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Nutrient supplementation approaches in the treatment of ADHD.

Abstract

Attention-deficit/hyperactivity disorder (ADHD) is a chronic, debilitating psychiatric illness that often co-occurs with other common psychiatric problems. Although empirical evidence supports pharmacological and behavioral treatments, side effects, concerns regarding safety and fears about long-term use all contribute to families searching for alternative methods of treating the symptoms of ADHD. This review presents the published evidence on supplementation, including single ingredients (e.g., minerals, vitamins, amino acids and essential fatty acids), botanicals and multi-ingredient formulas in the treatment of ADHD symptoms. In most cases, evidence is sparse, mixed and lacking information. Of those supplements where we found published studies, the evidence is best for zinc (two positive randomized, controlled trials); there is mixed evidence for carnitine, pycnogenol and essential fatty acids, and more research is needed before drawing conclusions about vitamins, magnesium, iron, SAM-e, tryptophan and Ginkgo biloba with ginseng. To date, there is no evidence to support the use of St John's wort, tyrosine or phenylalanine in the treatment of ADHD symptoms. Multi-ingredient approaches are an intriguing yet under-researched area; we discuss the benefits of this approach considering the heterogeneous nature of ADHD.

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  • Publisher Full Text
  • Authors+Show Affiliations

    ,

    Department of Psychology, University of Canterbury, Private Bag 4800, Christchurch 8140, New Zealand. julia.rucklidge@canterbury.ac.nz

    ,

    Source

    Expert review of neurotherapeutics 9:4 2009 Apr pg 461-76

    MeSH

    Amino Acids
    Attention Deficit Disorder with Hyperactivity
    Complementary Therapies
    Dietary Supplements
    Fatty Acids, Essential
    Humans
    Minerals
    Vitamins

    Pub Type(s)

    Journal Article
    Review

    Language

    eng

    PubMed ID

    19344299

    Citation

    Rucklidge, Julia J., et al. "Nutrient Supplementation Approaches in the Treatment of ADHD." Expert Review of Neurotherapeutics, vol. 9, no. 4, 2009, pp. 461-76.
    Rucklidge JJ, Johnstone J, Kaplan BJ. Nutrient supplementation approaches in the treatment of ADHD. Expert Rev Neurother. 2009;9(4):461-76.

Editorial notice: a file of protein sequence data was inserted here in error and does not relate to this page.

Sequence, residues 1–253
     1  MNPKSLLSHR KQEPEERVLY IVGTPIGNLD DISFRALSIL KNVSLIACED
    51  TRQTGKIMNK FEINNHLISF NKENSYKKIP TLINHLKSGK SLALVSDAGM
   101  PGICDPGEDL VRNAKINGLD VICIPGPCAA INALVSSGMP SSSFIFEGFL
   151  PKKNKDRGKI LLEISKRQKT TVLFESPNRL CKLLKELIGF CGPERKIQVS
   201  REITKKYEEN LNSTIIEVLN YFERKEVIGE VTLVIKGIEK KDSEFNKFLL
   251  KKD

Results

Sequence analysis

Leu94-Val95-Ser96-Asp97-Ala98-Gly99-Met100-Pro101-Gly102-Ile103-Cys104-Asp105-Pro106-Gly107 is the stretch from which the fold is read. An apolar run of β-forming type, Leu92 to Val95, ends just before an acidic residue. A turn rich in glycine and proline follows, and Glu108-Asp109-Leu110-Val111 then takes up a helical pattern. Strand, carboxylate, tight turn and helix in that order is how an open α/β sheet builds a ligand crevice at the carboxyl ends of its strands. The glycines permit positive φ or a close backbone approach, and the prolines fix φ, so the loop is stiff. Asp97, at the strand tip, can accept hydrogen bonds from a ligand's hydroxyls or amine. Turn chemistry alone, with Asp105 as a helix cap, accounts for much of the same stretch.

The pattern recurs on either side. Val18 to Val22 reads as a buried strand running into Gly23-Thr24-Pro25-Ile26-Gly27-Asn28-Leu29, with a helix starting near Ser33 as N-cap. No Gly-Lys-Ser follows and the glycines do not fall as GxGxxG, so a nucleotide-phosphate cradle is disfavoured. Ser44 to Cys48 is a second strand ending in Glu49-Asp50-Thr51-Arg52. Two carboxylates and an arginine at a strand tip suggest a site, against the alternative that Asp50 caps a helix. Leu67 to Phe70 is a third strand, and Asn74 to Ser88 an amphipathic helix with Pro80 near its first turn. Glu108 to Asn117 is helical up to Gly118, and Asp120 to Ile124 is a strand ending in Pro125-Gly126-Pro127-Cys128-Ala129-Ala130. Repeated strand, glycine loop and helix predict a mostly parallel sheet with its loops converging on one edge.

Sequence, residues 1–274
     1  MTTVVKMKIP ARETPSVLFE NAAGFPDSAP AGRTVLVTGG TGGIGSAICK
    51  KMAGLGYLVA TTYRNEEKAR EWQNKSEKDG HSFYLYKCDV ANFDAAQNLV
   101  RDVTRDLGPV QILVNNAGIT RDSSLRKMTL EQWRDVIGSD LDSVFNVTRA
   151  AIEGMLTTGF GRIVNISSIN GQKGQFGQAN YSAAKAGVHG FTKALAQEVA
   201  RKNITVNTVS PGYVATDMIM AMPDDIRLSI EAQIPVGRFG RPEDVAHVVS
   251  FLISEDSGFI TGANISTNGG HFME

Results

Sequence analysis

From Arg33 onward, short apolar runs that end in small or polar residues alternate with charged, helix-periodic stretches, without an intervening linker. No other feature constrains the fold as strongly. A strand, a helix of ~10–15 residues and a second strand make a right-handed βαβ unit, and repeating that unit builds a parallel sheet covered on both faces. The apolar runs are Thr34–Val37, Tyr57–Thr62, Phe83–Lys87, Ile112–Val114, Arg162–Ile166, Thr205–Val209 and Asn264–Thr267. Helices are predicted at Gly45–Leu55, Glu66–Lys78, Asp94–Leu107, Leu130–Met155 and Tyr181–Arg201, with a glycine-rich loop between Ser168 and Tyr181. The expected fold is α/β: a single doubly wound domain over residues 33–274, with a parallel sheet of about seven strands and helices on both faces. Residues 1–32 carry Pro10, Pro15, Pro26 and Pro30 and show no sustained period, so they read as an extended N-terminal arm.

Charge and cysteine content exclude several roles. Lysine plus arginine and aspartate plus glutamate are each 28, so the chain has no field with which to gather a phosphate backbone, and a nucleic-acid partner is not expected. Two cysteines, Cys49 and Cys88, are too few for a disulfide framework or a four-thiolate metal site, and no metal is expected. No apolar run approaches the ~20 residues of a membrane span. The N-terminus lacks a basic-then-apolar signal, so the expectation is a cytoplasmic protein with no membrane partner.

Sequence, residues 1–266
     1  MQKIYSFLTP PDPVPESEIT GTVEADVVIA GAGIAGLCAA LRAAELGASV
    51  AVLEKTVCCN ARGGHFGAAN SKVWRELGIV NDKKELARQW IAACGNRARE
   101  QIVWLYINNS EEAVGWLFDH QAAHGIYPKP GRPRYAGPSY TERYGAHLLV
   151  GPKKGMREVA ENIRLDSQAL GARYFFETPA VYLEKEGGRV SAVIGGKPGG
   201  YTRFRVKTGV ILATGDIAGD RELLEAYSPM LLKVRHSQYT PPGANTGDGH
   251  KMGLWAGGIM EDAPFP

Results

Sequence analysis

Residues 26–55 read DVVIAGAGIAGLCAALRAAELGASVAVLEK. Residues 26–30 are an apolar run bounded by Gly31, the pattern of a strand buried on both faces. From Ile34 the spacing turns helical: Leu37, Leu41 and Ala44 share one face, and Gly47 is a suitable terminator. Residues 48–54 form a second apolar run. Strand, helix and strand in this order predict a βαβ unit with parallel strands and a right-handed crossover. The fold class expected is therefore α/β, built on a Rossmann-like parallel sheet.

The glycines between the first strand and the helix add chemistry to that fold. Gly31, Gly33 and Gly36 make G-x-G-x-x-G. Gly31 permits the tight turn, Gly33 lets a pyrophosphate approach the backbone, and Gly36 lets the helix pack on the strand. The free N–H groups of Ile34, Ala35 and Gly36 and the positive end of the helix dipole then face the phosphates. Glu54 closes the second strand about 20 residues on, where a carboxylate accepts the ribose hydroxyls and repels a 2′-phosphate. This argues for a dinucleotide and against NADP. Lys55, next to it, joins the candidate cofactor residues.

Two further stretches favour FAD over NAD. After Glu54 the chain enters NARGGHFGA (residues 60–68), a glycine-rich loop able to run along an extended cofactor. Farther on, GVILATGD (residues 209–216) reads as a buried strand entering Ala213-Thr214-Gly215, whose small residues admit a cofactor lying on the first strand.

Rucklidge, J. J., Johnstone, J., & Kaplan, B. J. (2009). Nutrient supplementation approaches in the treatment of ADHD. Expert Review of Neurotherapeutics, 9(4), pp. 461-76. doi:10.1586/ern.09.7.
    Rucklidge JJ, Johnstone J, Kaplan BJ. Nutrient Supplementation Approaches in the Treatment of ADHD. Expert Rev Neurother. 2009;9(4):461-76. PubMed PMID: 19344299.
    * Article titles in AMA citation format should be in sentence-case
    TY - JOUR T1 - Nutrient supplementation approaches in the treatment of ADHD. AU - Rucklidge,Julia J, AU - Johnstone,Jeanette, AU - Kaplan,Bonnie J, PY - 2009/4/7/entrez PY - 2009/4/7/pubmed PY - 2009/6/26/medline SP - 461 EP - 76 JF - Expert review of neurotherapeutics JO - Expert Rev Neurother VL - 9 IS - 4 N2 - Attention-deficit/hyperactivity disorder (ADHD) is a chronic, debilitating psychiatric illness that often co-occurs with other common psychiatric problems. Although empirical evidence supports pharmacological and behavioral treatments, side effects, concerns regarding safety and fears about long-term use all contribute to families searching for alternative methods of treating the symptoms of ADHD. This review presents the published evidence on supplementation, including single ingredients (e.g., minerals, vitamins, amino acids and essential fatty acids), botanicals and multi-ingredient formulas in the treatment of ADHD symptoms. In most cases, evidence is sparse, mixed and lacking information. Of those supplements where we found published studies, the evidence is best for zinc (two positive randomized, controlled trials); there is mixed evidence for carnitine, pycnogenol and essential fatty acids, and more research is needed before drawing conclusions about vitamins, magnesium, iron, SAM-e, tryptophan and Ginkgo biloba with ginseng. To date, there is no evidence to support the use of St John's wort, tyrosine or phenylalanine in the treatment of ADHD symptoms. Multi-ingredient approaches are an intriguing yet under-researched area; we discuss the benefits of this approach considering the heterogeneous nature of ADHD. SN - 1744-8360 UR - https://www.unboundmedicine.com/medline/citation/19344299/full_citation L2 - http://www.tandfonline.com/doi/full/10.1586/ern.09.7 DB - PRIME DP - Unbound Medicine ER -